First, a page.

Corn Drops To 3-Year Low As Supplies Expected To Surge To 1987 Levels

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by Tyler Durden
Friday, Feb 16, 2024 - 10:45 AM

Corn futures hit a three-year low as traders waited for the US Department of Agriculture's annual outlook forum on Thursday. The USDA's initial outlook for the coming season could show higher domestic crop supplies and elevated spring plantings. 

According to Bloomberg, USDA's annual outlook forum is expected to project the largest domestic stockpile since 1987.

Traders have already been pricing in a dismal outlook, with money managers holding the largest bearish bet in almost five years. Corn for March delivery has nearly roundtripped all Covid gains. 

A survey of Bloomberg analysts expected the upcoming 2024-25 season will reach upwards of 2.493 billion bushels. This will exert continued downward pressure on US farmers and force them to decrease spring plantings of corn in favor of planting more soybeans. 

Meanwhile, in a separate USDA report, new forecasts show US farmers are poised for another year of financial misery, facing the most significant decline in incomes in almost two decades as grain prices slide and US dominance in ag exports wanes.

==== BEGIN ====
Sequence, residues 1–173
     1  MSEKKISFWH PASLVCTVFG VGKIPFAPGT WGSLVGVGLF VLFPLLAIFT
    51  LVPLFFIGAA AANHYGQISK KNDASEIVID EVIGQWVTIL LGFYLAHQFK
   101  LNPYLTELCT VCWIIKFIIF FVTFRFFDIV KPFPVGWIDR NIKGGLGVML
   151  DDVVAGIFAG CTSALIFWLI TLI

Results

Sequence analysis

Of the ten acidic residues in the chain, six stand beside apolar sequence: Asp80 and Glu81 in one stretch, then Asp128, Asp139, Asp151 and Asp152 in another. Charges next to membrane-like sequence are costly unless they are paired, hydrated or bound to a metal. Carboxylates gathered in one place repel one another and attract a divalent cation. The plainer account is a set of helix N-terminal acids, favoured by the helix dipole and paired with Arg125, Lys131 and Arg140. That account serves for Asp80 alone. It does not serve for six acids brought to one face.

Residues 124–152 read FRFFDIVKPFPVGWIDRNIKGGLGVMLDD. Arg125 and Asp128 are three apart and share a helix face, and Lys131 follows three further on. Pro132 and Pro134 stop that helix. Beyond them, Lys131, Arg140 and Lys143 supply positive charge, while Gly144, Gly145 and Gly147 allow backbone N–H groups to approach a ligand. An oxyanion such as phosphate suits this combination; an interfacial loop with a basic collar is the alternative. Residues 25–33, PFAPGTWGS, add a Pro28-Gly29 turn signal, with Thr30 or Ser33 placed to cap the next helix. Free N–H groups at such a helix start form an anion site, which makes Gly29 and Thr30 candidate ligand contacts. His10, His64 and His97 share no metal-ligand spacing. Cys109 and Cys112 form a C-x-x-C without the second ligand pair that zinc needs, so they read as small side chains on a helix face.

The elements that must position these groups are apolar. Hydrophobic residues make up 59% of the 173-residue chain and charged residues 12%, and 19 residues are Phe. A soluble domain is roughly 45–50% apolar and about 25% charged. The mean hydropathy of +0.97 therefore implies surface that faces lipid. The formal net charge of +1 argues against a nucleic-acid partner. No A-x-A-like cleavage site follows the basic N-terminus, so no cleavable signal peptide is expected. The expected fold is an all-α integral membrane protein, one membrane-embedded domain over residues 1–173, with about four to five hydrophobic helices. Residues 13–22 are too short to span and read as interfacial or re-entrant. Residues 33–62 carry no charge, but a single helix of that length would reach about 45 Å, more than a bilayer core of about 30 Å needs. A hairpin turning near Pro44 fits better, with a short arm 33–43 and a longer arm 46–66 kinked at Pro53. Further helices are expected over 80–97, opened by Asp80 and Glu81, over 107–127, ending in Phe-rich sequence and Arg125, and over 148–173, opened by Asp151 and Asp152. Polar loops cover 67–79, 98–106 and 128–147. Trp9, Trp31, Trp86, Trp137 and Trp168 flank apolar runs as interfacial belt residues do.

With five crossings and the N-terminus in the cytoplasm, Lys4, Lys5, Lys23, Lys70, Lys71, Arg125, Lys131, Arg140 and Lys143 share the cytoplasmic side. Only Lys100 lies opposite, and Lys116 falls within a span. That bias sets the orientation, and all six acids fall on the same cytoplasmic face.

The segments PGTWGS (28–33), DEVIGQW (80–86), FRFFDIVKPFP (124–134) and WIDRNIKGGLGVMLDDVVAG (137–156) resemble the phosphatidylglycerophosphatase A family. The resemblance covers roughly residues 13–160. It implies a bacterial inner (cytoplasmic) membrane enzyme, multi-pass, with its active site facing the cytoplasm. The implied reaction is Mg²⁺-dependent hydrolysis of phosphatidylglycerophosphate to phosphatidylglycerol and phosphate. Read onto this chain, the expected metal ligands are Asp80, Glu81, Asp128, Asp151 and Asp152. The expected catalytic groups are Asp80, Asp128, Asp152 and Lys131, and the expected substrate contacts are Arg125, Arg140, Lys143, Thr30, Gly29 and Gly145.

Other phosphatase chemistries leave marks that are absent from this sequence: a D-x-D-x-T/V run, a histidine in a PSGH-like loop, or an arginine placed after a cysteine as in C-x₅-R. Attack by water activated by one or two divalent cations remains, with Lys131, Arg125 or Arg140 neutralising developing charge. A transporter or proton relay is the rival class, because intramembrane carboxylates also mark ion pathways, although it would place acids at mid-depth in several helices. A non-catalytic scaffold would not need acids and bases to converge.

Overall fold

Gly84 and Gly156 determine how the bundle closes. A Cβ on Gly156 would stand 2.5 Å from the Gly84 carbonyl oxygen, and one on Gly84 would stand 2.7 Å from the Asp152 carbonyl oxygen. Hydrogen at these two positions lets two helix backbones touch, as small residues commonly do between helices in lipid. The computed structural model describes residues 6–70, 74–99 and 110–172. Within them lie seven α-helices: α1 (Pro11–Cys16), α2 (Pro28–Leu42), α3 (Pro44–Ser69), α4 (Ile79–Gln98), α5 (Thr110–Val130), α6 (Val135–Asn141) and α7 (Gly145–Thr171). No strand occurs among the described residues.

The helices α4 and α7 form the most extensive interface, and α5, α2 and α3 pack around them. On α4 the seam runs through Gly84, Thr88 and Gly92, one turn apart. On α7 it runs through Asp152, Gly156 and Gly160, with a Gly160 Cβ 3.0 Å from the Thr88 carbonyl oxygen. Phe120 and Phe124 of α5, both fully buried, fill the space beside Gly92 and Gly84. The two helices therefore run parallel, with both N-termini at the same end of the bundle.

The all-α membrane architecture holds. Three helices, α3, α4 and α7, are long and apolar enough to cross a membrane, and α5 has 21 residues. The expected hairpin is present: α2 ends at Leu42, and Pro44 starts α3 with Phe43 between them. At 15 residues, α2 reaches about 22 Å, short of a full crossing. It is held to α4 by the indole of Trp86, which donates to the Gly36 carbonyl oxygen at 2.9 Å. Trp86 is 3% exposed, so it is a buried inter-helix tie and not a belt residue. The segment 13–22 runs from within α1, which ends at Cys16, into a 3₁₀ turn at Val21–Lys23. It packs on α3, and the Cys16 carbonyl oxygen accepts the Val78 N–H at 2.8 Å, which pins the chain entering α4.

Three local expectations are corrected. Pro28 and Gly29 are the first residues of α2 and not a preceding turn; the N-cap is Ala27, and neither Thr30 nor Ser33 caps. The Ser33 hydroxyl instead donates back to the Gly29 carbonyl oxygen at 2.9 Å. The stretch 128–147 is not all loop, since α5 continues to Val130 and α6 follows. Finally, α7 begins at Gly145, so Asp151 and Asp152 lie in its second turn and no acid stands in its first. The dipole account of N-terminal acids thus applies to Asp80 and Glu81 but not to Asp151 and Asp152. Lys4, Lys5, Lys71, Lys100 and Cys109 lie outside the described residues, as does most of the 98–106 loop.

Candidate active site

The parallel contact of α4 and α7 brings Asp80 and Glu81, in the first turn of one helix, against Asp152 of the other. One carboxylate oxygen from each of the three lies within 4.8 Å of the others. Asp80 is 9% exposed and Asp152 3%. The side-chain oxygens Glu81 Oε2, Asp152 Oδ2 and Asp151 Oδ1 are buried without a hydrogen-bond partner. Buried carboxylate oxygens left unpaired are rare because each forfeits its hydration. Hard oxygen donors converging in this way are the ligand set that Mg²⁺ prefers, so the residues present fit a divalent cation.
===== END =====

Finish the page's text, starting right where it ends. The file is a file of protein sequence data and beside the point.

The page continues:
USDA forecasts net farm income, a broad measure of profits, to plunge $39.8 billion, or 25.5%, to $116.1 billion in 2024. This follows a forecasted decrease of $29.7 billion, or 16%, from 2022 to $155.9 billion in 2023. 

If the estimate holds, farmers face the largest income drop since 2006 and back-to-back years of financial pain. 

"With this expected decline, net farm income in 2024 would be 1.7 percent below its 20-year average (2003–22) of $118.2 billion and 40.9 percent below the record high in 2022 in inflation-adjusted dollars," USDA wrote in the report. 

What could reverse sliding grain prices? More Black Sea destabilization...